New Dutch government eyes coal phase-out by 2030
London, 10 October (Argus) — The new Dutch government plans to close all remaining coal-fired power plants by 2030 at the latest and is looking at introducing a minimum price for CO2 in the power sector, under a coalition agreement published today.
Prime minister Mark Rutte's centre-right VVD party has reached a coalition agreement with the CDA, D66 and Christenunie parties after lengthy negotiations in the aftermath of general elections in March.
The new partners agreed to implement a national climate and energy law that will aim to reduce Dutch greenhouse gas emissions by 49pc in 2030 against a 1990 baseline for now, subject to upward revisions should the EU adopt tougher targets, under the coalition agreement.
The new coalition government estimates that the Netherlands will have to cut an additional 56mn t CO2 equivalent (CO2e) by 2030 relative to the status quo to achieve the 49pc reduction, which includes a further 20mn t CO2e cut in the electricity sector. The new government will start negotiations with each sector regarding the timetable of emissions cuts when drawing up the national climate and energy agreement, it said.
The government wants all remaining coal-fired plants in the country to close by 2030 at the latest, it said in the coalition agreement. This is a departure from the previous government's position, which in January said that it does not plan to force the shutdown of any additional capacity beyond coal-fired plants with an efficiency below 40pc.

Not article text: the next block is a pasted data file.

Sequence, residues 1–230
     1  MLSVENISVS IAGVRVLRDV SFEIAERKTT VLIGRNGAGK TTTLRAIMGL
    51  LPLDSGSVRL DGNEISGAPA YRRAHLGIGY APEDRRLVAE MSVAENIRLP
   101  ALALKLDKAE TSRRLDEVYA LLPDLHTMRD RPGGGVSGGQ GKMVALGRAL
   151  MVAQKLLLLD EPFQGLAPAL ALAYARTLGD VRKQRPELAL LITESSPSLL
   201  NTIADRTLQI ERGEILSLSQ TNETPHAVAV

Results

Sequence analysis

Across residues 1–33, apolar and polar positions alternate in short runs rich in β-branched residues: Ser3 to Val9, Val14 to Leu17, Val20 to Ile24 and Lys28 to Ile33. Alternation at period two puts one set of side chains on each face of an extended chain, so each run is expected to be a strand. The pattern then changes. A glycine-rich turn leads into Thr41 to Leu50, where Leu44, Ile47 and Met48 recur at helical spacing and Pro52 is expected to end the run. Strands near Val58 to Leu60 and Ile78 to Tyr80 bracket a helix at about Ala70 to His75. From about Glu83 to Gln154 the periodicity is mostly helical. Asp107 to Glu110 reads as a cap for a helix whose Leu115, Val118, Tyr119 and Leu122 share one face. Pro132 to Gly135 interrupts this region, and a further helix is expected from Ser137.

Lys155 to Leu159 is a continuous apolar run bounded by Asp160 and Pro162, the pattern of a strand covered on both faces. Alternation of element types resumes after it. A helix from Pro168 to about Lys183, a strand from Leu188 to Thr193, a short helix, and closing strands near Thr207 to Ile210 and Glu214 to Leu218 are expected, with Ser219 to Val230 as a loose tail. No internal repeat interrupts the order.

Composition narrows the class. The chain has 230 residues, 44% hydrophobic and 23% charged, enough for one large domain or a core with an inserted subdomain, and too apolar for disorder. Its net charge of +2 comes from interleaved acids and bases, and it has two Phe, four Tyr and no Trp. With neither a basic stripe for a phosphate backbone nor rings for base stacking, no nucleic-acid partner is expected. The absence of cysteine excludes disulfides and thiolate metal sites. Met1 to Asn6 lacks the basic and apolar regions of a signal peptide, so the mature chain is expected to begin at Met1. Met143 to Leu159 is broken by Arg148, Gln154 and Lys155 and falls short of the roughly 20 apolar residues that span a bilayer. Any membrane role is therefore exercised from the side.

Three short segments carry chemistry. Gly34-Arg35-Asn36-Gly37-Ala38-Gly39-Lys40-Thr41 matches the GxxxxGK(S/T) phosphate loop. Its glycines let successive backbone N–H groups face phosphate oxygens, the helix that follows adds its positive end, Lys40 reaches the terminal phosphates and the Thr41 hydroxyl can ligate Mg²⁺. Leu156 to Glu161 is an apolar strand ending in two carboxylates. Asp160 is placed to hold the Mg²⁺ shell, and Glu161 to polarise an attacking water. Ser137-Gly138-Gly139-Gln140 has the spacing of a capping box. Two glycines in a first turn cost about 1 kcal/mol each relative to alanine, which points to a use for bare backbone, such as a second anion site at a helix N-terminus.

Coal-fired power plants with a combined capacity of 4.6GW are still operational. This includes four units with a combined capacity of nearly 4.1GW that have high efficiencies of 46pc and only came on line in 2015.
The new coalition wants to introduce "a minimum price for CO2 for the electricity sector" to incentivise emissions cuts. The coalition agreement does not detail the planned level for the minimum price or the timeline for its introduction.
The government plans to accelerate the country's wind and solar power expansion and to expand support under the country's SDE+ auctions to other CO2-reduction technologies such as carbon capture and storage (CCS). Government support for biomass co-firing projects involving coal-fired plants will be withdrawn from 2025, under the coalition agreement.